Wildfires, long considered a problem exclusive to the West, now threaten many other parts of the country as extreme weather becomes more commonplace and more people live in areas at risk for wildfire.
Wildfires are not just a Western states problem, and they are active at different times across the country.
A five-month KQED investigation of what happened the first night of the fires found systemic problems with California’s emergency response procedures.
Twenty-five years ago, a fire in the Oakland Hills demonstrated the serious risks in areas where homes intersect with nature. We talked to the lead meteorologist on duty the night of the blaze.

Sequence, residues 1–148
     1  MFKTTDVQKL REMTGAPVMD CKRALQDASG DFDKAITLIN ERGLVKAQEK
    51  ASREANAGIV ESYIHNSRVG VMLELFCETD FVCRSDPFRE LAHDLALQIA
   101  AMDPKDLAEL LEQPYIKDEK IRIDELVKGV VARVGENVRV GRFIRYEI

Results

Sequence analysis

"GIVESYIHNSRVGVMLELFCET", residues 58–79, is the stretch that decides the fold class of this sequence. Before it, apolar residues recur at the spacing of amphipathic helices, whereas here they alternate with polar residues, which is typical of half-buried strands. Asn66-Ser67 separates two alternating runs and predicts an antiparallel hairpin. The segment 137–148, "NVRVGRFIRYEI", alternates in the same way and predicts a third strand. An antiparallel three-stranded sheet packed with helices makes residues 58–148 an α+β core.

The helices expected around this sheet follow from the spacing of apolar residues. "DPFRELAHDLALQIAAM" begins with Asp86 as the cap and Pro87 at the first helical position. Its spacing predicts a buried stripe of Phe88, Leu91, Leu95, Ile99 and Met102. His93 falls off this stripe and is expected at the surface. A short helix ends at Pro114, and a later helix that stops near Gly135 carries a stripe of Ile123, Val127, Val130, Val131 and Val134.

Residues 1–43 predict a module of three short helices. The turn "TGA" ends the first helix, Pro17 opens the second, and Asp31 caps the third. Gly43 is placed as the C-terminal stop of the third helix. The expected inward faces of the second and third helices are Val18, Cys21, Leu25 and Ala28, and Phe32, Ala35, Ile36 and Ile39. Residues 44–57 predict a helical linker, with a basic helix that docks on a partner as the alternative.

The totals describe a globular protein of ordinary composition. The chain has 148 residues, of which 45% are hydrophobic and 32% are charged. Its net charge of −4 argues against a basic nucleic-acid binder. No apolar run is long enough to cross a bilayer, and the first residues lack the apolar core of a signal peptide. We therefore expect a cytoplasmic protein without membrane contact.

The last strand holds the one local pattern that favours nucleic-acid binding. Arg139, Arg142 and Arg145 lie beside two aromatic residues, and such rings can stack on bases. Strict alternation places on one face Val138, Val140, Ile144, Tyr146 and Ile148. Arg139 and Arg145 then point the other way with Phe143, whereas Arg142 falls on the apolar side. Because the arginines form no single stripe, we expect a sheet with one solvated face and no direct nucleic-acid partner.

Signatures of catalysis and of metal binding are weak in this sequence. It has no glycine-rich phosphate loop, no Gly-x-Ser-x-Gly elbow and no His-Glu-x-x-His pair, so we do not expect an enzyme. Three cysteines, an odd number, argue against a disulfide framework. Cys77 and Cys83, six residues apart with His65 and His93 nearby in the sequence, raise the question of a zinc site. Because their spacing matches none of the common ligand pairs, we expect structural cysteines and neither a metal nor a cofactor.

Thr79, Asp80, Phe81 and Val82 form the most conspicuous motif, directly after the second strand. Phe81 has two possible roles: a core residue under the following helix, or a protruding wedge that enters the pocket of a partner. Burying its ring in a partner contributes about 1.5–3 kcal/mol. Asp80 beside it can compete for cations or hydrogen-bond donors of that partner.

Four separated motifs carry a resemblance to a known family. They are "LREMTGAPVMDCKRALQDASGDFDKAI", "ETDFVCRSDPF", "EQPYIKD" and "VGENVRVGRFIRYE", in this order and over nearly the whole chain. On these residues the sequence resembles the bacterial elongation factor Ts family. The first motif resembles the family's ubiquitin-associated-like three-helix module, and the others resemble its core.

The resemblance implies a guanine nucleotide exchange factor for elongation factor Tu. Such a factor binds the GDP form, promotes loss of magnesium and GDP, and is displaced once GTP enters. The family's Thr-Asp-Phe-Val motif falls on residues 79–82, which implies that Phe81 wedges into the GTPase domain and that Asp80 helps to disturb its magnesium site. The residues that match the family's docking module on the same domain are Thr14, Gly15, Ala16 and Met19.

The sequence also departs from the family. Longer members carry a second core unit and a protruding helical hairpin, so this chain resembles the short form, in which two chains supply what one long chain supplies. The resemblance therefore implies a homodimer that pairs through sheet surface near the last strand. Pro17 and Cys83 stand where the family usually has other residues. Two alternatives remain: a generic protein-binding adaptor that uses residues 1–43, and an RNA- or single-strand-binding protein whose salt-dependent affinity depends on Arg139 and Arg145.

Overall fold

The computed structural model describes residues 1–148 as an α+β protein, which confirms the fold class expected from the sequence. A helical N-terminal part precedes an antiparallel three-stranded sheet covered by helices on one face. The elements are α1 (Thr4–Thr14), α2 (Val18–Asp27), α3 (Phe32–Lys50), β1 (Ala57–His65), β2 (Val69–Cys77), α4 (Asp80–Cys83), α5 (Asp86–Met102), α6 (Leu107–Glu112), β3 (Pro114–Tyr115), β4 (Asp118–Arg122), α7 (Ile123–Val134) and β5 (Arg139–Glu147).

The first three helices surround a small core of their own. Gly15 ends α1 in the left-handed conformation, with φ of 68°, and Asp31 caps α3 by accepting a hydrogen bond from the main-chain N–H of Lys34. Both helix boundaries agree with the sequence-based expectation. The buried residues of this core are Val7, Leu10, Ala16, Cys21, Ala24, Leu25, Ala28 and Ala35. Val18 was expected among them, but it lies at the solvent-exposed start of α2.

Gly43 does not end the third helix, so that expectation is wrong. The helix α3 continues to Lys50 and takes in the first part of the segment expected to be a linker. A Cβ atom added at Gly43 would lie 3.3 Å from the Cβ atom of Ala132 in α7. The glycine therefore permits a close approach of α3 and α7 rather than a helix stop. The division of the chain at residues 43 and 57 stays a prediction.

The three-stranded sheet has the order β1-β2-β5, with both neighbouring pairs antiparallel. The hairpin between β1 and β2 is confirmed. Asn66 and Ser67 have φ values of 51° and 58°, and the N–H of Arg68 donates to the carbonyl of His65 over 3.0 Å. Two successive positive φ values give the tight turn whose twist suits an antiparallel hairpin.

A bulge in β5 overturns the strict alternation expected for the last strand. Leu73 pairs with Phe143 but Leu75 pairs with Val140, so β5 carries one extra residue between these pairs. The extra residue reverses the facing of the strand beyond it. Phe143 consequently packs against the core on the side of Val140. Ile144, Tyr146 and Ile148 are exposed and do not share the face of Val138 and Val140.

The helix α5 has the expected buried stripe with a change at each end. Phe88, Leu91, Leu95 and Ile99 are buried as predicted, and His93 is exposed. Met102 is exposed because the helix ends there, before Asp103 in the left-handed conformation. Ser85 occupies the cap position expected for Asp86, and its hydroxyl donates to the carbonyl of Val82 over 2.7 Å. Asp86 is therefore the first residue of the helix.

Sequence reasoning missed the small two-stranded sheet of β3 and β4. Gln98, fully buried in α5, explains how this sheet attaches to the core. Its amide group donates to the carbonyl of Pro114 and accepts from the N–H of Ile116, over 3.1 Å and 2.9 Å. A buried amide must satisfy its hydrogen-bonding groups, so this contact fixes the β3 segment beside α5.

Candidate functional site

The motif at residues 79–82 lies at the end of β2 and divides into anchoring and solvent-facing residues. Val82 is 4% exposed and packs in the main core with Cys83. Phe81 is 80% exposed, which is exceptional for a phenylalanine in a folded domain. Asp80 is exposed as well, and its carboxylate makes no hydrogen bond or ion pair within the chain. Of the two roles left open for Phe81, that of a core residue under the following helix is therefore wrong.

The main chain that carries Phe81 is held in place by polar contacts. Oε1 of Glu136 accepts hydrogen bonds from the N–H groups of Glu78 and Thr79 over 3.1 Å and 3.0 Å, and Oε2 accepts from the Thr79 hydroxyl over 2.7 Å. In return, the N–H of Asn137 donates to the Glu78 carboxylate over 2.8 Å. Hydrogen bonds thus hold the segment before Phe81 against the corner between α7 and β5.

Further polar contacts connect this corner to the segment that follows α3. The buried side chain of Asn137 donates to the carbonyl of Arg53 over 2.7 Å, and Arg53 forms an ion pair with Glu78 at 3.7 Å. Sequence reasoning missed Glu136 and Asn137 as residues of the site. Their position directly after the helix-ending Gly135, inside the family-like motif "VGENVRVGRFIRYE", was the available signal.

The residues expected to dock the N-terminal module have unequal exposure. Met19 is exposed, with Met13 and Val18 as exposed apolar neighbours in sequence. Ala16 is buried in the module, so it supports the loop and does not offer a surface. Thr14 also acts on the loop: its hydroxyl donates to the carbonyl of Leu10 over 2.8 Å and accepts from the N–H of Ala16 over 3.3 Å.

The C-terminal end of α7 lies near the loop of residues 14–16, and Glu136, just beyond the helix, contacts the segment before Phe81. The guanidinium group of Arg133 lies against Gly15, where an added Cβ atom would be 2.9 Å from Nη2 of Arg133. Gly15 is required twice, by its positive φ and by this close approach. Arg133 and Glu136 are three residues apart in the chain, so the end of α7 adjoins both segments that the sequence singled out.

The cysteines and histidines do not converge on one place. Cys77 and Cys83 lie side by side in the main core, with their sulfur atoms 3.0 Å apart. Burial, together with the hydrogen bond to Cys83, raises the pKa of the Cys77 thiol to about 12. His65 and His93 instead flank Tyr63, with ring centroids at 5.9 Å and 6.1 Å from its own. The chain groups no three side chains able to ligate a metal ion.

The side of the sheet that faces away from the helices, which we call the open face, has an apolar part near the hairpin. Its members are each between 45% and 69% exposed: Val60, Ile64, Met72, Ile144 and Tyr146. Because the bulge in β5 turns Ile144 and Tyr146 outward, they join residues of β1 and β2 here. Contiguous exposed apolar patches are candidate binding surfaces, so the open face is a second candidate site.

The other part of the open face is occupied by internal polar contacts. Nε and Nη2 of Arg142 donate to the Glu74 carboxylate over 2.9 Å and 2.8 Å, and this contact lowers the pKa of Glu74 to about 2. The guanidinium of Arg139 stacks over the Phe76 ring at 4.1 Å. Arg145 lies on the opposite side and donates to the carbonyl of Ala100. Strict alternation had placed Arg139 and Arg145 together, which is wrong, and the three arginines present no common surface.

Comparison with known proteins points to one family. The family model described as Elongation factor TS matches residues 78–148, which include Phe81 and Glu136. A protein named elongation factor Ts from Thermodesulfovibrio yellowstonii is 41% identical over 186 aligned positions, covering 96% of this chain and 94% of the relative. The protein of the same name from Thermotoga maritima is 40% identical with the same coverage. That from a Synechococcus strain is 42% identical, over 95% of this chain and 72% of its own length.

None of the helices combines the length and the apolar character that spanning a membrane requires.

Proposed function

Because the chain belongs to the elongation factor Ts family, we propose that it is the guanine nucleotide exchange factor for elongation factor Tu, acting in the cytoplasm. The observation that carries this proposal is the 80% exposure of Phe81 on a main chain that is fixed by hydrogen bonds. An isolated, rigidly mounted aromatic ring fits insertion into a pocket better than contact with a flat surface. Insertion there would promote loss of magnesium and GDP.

From Nixon to “firenadoes,” wildfires have touched many parts of American culture.
At first, last December’s rains seemed like welcome relief for drought-stricken California. But while the moisture did little to hydrate trees and shrubs, it did lead to the widespread of growth of wild grasses, which dried out quickly and contributed to this year’s wildfire season.